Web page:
West Van senior speaks out after being targeted in $185K scam

This story has been amended since first posting.

A West Vancouver senior is speaking out as a warning to others after being scammed out of $185,000 by international fraudsters – then getting it back thanks to the quick work of police.

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The 70-year-old West Vancouver woman said she’d never considered herself particularly vulnerable to fraudsters. But when lured into a sophisticated scam, she fell for it.

“It was quite harrowing and I was incredibly lucky,” she said.

In early January the woman - who the North Shore News has agreed to identify only by her first name, Diana – said she got a call from a man claiming to be from Tiffany’s jewelry store, where she was told a person purporting to be her nephew was trying to make a purchase with what he said was her bank card. The person on the phone said the store would contact the police and advised her to call her bank immediately.

She did so – hanging up and dialling the number on the back of her debit card and getting through to a person at the bank – or so she thought.

(Diana says now her best guess is that while she thought she had disconnected, the scammers remained on the phone line and that they simply pretended to be the bank she called.)

The person on the phone took details from her, including an estimate of how much money might be at risk in her account.

As it happened, there was a lot of money in it, said Diana, because her daughter had recently repaid her a loan for a mortgage.

She was then put through to a “bank fraud officer” who told her the bank was investigating a possible employee-involved fraud that they were hoping to keep quiet until the person was identified.

From there, the fraud escalated, with Diana getting calls from “police detectives” warning her bank accounts were at risk.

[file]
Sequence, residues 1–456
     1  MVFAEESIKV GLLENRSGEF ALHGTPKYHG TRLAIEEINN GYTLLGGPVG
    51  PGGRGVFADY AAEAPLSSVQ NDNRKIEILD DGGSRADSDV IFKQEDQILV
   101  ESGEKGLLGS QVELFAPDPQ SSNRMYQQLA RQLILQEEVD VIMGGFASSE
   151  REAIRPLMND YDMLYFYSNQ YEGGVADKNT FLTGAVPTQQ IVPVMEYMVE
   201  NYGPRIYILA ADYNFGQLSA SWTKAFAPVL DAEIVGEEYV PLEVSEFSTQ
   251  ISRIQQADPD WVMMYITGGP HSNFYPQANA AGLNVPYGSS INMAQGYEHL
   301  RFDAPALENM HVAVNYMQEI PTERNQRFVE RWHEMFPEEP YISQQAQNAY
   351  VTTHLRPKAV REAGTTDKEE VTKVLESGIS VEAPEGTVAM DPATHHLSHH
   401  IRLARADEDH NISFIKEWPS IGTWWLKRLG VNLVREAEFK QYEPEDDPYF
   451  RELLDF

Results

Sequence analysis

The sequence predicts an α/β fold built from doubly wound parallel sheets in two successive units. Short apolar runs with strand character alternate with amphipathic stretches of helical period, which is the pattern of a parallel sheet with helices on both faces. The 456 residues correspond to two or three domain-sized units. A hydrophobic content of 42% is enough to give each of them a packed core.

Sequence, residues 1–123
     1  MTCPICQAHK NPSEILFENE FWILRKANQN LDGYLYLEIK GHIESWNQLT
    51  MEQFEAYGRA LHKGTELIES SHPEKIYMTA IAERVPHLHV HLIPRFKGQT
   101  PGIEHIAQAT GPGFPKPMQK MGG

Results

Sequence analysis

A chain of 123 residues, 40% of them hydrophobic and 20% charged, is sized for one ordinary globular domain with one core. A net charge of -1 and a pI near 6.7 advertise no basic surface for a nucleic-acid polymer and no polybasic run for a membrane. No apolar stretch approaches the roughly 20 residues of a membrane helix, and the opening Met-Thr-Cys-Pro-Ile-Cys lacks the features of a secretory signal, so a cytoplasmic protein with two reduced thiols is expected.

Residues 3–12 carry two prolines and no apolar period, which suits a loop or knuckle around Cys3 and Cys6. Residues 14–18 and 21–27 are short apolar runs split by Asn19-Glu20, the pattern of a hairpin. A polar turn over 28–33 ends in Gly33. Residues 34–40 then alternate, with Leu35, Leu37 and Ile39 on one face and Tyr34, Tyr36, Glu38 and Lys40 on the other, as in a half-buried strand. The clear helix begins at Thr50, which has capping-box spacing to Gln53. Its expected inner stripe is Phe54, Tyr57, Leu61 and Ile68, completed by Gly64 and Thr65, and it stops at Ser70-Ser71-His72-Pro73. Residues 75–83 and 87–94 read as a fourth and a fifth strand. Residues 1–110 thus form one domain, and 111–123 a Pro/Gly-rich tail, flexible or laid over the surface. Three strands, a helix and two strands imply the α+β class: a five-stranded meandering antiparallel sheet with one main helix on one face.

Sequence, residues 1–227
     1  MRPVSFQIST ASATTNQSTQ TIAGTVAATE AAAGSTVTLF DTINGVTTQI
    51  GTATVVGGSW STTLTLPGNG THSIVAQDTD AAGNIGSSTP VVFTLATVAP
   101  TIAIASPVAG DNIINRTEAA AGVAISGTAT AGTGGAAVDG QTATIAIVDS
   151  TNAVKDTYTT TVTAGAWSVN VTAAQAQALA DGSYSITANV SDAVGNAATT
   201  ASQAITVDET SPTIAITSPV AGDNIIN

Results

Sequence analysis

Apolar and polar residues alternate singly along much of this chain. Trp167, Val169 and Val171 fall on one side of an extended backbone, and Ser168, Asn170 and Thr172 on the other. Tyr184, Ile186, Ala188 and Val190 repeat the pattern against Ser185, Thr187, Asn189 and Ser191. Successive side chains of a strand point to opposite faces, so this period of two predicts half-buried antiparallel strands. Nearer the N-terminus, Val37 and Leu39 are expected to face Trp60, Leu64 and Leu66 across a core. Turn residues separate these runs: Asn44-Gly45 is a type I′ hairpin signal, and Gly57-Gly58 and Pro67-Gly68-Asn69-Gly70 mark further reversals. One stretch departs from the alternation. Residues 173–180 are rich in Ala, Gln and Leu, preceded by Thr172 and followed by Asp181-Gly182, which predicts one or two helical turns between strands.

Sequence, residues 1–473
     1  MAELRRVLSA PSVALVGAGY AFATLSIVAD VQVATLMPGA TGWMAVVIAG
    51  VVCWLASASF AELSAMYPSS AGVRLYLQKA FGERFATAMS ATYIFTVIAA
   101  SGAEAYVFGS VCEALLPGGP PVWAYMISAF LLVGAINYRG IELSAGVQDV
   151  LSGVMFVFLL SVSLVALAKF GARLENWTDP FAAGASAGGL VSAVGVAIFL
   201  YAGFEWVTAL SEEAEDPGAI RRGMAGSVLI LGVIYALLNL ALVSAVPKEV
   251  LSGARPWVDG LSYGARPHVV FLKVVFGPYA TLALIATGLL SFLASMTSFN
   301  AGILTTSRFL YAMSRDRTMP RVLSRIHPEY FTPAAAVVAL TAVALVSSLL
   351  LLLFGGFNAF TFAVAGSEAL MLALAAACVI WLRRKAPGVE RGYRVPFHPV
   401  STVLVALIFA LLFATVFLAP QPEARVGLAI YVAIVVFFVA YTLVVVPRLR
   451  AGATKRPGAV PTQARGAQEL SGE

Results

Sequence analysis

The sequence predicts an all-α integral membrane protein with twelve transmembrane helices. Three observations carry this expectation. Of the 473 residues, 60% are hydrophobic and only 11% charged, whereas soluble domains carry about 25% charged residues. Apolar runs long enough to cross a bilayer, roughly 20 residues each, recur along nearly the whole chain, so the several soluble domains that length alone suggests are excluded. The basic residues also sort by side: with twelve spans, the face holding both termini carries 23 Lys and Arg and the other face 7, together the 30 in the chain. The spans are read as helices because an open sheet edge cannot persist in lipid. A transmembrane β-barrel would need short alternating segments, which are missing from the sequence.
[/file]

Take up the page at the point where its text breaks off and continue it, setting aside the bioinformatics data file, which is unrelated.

“The whole thing was made to sound very authentic,” she said.

Finally she was told to go to her bank and wire money to a special address for safekeeping until the “fraud investigation” wrapped up.

Only after she made the transfer did doubts surface. Within hours she had called the police.

That quick action made all the difference, said Const. Jeff Palmer, spokesman for the West Vancouver Police Department.

Officers in West Vancouver immediately contacted police and bank authorities in the United Kingdom and were able to freeze the transfer.

Police in Britain are now investigating, said Palmer.

Meanwhile, police in Bedfordshire, England have arrested a suspect connected to an identical scam of a West Vancouver resident, who lost a shocking $800,000 after falling for the same con last year.

In that case, by the time the resident alerted police it was too late to reverse the transfer.

Diana said she now understands how such scams happen.

“I have to give it to them. They were professionals,” she said of the fraudsters.

“I feel incredibly stupid and embarrassed and rather ashamed,” she said, but added, “I feel the only way to stop it is to talk about it.”

Palmer said the bank fraud scam has been around for years. In fact, a near identical attempt to scam a senior in Richmond was reported to police in December.

There’s no indication the two West Vancouver cases are connected or that the victims were specifically targeted, he said.

He said the best advice for anyone receiving such calls is to disconnect immediately and go in person to make inquiries at their bank.

If someone does end up getting scammed, it’s vitally important they contact police immediately, he said – adding quick action is the only hope of recovering funds.

This story has been amended to include more detail about the fraud.

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© North Shore News


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